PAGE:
Chapter-8: They May Come Back and Kill Us for Entertainment

August 7, 1996

Grozny, Chechnya 

By Indradyumna Swami

6:20 a.m. The night was relatively peaceful. Some devotees say that there were a few explosions, but luckily I didn’t hear anything and had a deep sleep.

7:25 a.m. Took a bath and applied my tilaka carefully. Water is limited now, so each of us has only one bucket to wash clothes and bathe ourselves.

9:00 a.m. I chanted japa in the temple room. I found myself taking shelter of the holy names. Our situation here is practically hopeless. We are surrounded by fighting soldiers on all sides. Somehow it’s easy to call out to Krsna the way a young child cries for its mother. Completed twelve rounds.

10:00 a.m. Bad news again. We were told that the hospital where Andrei was admitted was totally destroyed by missiles from Russian helicopters last night. Yesterday, Yoginatha visited him and brought him beads and prasadam. He said that Andrei, although in pain, looked cheerful and was accepting that everything was happening by Krsna’s will. But now the hospital is completely finished.

We ventured outside and saw that the area where the hospital was is simply a mass of bricks, cement, glass…and bodies. Just yesterday people were moving around there, talking, working, and thinking. Now it’s a horrible picture.

We couldn’t find Andrei among the dead bodies. So there is some hope that he somehow survived and was evacuated elsewhere: rakhe Krsna mare ke mare Krsna rakhe ke. (‘If Lord Krsna protects a person, who can kill him? And if Krsna desires to kill someone, who can protect him?’)

12:00 p.m. Back at the temple we sang prayers together and had Srimad-Bhagavatam class. No one has to be encouraged to come to class here. It’s a real shelter for us.

Sergey came back from the farm where we are hiding the van. He intelligently let the air out of the tires and took a few parts from the engine so that no one could take the van. Now we are all together again, except for Andrei.

1:00 p.m. The fighting in our neighborhood is increasing. We took prasadam in the corridor because bullets are coming in the rooms through broken windows and ricocheting off the walls. Now when we move somewhere inside the building, we have to crawl on our stomachs.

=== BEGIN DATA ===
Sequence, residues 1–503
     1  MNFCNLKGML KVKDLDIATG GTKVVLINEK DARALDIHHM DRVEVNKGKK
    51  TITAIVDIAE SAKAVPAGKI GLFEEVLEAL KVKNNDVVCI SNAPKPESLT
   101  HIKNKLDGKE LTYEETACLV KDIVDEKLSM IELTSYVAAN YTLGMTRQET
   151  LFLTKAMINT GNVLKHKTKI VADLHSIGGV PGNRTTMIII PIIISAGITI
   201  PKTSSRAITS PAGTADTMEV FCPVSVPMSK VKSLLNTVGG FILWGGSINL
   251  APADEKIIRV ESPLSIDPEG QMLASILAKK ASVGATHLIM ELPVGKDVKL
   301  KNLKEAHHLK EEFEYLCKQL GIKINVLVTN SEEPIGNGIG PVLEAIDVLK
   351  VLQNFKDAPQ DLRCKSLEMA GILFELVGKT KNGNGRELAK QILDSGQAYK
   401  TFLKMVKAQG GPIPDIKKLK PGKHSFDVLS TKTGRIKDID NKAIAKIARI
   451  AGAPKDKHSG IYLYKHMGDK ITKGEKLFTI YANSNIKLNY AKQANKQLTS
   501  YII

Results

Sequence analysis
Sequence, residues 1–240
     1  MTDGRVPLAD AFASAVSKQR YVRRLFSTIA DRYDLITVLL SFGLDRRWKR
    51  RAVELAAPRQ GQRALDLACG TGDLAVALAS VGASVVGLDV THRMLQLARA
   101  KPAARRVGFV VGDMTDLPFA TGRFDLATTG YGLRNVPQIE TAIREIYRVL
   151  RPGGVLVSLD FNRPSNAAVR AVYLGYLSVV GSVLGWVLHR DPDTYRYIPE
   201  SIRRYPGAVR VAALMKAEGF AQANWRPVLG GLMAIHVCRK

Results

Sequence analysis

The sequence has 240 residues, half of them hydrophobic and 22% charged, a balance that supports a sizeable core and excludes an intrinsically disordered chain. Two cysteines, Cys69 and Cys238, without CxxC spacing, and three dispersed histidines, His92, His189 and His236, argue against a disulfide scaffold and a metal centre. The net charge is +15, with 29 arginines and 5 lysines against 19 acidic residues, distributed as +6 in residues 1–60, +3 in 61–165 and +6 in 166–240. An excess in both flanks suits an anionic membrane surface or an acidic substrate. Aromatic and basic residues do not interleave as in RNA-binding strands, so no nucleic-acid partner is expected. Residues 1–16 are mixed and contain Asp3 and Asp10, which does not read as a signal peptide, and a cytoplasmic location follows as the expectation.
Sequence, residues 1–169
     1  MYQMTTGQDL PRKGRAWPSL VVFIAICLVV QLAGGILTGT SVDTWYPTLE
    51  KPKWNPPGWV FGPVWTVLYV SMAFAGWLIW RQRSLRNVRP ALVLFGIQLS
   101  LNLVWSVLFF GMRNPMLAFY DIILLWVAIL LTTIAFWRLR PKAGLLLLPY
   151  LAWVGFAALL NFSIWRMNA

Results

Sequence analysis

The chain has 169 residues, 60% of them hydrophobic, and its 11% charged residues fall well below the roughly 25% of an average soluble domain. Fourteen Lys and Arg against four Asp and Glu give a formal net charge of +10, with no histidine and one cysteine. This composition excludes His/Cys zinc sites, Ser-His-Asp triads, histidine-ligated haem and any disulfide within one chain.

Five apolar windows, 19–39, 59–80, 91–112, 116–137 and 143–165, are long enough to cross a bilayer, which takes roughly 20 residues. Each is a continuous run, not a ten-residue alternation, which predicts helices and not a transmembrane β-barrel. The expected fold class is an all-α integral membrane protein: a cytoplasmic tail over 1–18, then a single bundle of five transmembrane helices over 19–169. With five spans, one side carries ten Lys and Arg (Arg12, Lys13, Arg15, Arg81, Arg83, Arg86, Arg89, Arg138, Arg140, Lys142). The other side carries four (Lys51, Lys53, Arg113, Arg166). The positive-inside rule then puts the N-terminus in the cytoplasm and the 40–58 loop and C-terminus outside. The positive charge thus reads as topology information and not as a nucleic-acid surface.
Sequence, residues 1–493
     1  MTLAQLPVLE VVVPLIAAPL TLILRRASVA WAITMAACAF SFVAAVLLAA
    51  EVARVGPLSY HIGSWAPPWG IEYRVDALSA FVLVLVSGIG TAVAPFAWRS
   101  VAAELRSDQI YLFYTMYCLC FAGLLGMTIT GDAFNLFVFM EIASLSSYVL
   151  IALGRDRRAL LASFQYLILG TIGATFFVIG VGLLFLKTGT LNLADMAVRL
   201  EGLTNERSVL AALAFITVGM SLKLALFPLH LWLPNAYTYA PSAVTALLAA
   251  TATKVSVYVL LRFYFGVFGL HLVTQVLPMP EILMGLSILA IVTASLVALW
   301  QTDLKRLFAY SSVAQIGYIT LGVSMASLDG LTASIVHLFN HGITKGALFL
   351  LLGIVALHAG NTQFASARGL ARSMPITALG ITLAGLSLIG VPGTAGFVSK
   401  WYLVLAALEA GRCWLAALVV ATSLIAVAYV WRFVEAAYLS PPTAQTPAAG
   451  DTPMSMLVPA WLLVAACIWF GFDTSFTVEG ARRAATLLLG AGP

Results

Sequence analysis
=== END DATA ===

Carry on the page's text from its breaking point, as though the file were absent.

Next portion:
3:10 p.m. I was lying on the floor of the temple room listening to a bhajan tape of Srila Gurudeva, but I fell asleep. I was exhausted.

5.30 p.m. Tried to chant japa. To chant attentively is more important to me now, but I managed to concentrate on only a few rounds. Some of us talked prajalpa about military topics. It’s hard not to discuss those things in this situation. Shooting outside is still very fierce. Only God knows when all this hell is going to stop.

7:50 p.m. I was reading from the Second Canto of Srimad-Bhagavatam when the electricity cut off. So I took a bath in the darkness again.

8:50 p.m. Two Chechen fighters came into the school. One of them was just a boy of about 13. He was carrying an AK-47. They started to look for something to eat. Not finding anything, they took Anila’s Walkman and Kalikrit’s wrist watch. When Kalikrit tried to resist them, they hit him. They also took my shoes.

When they started to leave, I followed them and tried to explain that what they had done was not right. I started to explain the law of karma, but when I mentioned the name of Allah, they became furious.

The young boy pointed his machine gun at my chest. “You want me to shoot you?” he shouted. The eyes of a religious fanatic stared me in the face. I started to chant Hare Krsna in my mind. He hesitated and didn’t pull the trigger.

His friend said, “Hey Musa, either kill him or let’s go. We’ve got no time.” The boy took his gun away from my chest and walked away: rakhe Krsna mare ke mare Krsna rakhe ke. (‘If Lord Krsna protects a person, who can kill him? And if Krsna desires to kill someone, who can protect him?’)

I ran back into the school and leaned against the wall, breathing heavily. I thought, “I made Krsna serve me by risking without any need.”

10:00 p.m. This evening we all discussed that we should be very careful not to upset the rebels. Immediately the fear of death again appeared in my heart. If the Chechens are not pleased with us, they may come back at any moment and kill us, simply for the sake of entertainment.

After the meeting, I started to chant japa again. The only way I can keep my mind clear of all anxieties and fear is to chant. We held another meeting later in complete darkness, but after thirty minutes we were chanting Nrsimha prayers because missiles started exploding all around the school. I looked outside (a risky thing to do) and saw that a broken gas pipe nearby was burning furiously due to leaking gas. We decided to leave the school tomorrow morning. It is simply too dangerous to remain. We have to go somewhere else.